Strength in tragedy – inspiring mom shares how a brain tumour changed her for the better

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Head of strategy and execution at Metropolitan Life Leabetswe Bomvana. Image supplied by Msports Marketing
Head of strategy and execution at Metropolitan Life Leabetswe Bomvana. Image supplied by Msports Marketing
  • The Head of strategy and execution at Metropolitan Life shares her story after finding out she had a brain tumour.
  • The diagnosis changed her outlook on life. She is more grateful, stresses less, and focuses more on the things that matter.
  • When it comes to being a leader and manager, she now leads with courage and is comfortable doing big things even with some fear or apprehension. 

Women go through so much adversity. It is inspiring to hear how regardless of their challenges, they rise above their circumstances. Leabetswe Bomvana is one of these women. In 2019, her corporate career was soaring after starting a new job as the executive head of strategy and execution at Metropolitan Life.

Optimistic about making a mark in her new role, she was also looking forward to starting her MBA at Wits Business School when the unpredictable happened.

brain tumour,health,wellness
Leabetswe Bomvana. Image supplied by Msports Marketing

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She started experiencing headaches on the left side of her head as well as ringing in her ears but attributed it to stress.

“The headaches did not subside, so I thought that it might be tetanus, so I went to see an ENT (Ear, Nose, & Throat) specialist, who conducted a few tests but could not pick anything up initially. So I went to a regular physician, who tried to adjust my pain meds for the headaches and also could not find anything wrong following his own examinations."

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In January 2020, she went for an MRI, and it was found that she had a tumour.

Surgery was not an option, so the only treatment available was stereotactic radiation therapy. While still reeling from the massive shock of this diagnosis, Leabetswe also tragically lost her mom to Covid-19 a few days later. Lea says the diagnosis forced her to tap into what she calls "the power of my tribe – the collective" to help her overcome the challenges.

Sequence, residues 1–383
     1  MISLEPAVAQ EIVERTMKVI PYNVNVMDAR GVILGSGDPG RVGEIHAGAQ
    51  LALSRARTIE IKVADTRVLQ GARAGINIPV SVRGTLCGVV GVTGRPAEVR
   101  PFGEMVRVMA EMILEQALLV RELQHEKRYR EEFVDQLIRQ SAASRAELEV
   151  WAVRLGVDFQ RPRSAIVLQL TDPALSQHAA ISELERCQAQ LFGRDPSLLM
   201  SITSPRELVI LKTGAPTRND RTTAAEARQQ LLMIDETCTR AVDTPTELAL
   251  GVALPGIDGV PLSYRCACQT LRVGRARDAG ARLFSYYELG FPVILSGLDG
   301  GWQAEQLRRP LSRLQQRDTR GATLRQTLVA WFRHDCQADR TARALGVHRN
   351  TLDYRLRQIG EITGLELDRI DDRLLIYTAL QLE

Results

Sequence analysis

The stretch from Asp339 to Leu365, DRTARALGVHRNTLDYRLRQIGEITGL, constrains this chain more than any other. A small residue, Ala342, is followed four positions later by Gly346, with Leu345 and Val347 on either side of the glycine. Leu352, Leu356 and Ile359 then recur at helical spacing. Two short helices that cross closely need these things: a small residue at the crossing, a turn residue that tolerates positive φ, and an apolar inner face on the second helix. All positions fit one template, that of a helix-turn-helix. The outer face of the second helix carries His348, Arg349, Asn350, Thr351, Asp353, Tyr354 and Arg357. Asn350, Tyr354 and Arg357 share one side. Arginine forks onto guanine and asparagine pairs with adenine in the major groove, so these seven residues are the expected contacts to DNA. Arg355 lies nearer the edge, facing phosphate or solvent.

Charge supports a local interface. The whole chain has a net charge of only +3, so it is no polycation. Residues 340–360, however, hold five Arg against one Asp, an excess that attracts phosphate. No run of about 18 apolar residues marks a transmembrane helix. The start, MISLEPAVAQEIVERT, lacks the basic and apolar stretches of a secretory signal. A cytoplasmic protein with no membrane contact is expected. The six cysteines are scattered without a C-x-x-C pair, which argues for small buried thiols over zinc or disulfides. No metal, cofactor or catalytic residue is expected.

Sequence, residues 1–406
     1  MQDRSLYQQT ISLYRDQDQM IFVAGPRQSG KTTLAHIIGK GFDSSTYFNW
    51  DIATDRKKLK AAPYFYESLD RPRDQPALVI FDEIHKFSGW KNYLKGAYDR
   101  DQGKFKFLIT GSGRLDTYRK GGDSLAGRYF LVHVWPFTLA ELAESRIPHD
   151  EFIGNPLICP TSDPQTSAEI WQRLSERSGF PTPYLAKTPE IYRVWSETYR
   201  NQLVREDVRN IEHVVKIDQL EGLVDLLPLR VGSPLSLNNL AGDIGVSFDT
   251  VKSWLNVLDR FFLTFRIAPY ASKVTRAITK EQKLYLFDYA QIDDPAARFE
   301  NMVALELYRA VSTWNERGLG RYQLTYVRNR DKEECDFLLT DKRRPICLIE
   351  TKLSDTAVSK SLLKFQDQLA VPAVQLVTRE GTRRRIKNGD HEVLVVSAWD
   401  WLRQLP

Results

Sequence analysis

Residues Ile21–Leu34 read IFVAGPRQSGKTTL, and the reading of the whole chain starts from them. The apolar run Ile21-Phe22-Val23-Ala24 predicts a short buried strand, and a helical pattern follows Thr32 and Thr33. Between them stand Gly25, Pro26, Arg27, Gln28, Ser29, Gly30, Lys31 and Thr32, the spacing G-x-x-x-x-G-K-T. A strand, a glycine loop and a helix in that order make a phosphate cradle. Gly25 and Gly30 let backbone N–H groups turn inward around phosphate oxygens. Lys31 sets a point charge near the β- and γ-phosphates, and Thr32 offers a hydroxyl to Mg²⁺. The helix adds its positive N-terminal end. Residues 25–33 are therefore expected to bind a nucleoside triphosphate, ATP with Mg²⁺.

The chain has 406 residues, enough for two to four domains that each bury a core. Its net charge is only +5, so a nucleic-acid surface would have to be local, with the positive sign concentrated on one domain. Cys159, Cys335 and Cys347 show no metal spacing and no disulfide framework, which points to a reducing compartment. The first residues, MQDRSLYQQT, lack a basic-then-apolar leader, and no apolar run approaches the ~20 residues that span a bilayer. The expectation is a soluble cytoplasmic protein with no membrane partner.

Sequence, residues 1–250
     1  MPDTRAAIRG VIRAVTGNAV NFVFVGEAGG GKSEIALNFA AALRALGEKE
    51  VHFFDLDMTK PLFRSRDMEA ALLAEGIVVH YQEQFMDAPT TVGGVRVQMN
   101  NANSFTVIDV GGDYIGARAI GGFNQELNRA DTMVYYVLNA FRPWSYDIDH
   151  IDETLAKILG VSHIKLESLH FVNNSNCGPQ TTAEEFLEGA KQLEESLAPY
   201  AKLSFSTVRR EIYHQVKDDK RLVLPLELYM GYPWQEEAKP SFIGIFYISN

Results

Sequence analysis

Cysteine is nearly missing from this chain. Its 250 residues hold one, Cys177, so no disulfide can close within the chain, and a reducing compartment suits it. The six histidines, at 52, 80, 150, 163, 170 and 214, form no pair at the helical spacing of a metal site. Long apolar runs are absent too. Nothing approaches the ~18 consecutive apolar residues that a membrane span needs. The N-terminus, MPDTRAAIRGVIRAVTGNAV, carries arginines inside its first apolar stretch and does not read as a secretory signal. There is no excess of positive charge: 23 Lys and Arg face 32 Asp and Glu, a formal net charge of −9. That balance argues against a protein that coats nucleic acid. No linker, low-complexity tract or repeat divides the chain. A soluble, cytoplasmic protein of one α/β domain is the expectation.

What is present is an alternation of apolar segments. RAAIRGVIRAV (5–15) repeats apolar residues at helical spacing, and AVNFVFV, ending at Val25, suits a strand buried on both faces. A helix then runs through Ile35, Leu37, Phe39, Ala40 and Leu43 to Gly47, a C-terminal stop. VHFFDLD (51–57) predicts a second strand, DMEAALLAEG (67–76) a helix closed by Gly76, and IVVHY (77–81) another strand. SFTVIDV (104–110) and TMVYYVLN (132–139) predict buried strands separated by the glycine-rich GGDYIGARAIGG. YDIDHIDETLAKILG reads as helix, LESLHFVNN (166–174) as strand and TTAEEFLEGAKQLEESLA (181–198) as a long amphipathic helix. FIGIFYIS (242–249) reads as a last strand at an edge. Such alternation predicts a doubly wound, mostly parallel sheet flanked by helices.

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She adds, "What got me through this very difficult time was acknowledging that I don't have the strength to do this on my own. I was going to need my husband, my two daughters, a helper around the house, and my boss, along with the prayers and support of my friends – I just had to acknowledge that I would need help and accept that help when it was offered because for so long, I had tried to do everything on my own."

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Leabetswe has not let this diagnosis deter her. Instead, it has given her a new perspective on life.

"Now more than ever, I am grateful when I wake up in the morning. I don't stress about things I used to stress about before. I am also a lot more hopeful in approaching difficult tasks, and the diagnosis also helped me focus on the things that matter and will continue to matter in the future," she expresses.

This diagnosis has also changed how she leads and manages.

brain tumour,health,wellness
Leabetswe Bomvana was able to complete a Master's degree after her diagnosis and is looking forward to doing her PhD. Image supplied by Msports Marketing

"I do not try to convey this image of a perfect executive using business jargon, but [I] collaborate with my peers and colleagues using a more human language. I am also showing up more in courageous leadership since I am more comfortable doing big things even with some fear or apprehension about risks."

The tumour is responding positively to the radiation and is shrinking. "At my last session with the medical team, it had shrunk 60% from its original size."

She has completed her Master's degree in Business Administration, and she will be pursuing her PhD.

Information and images provided by M-Sports Marketing



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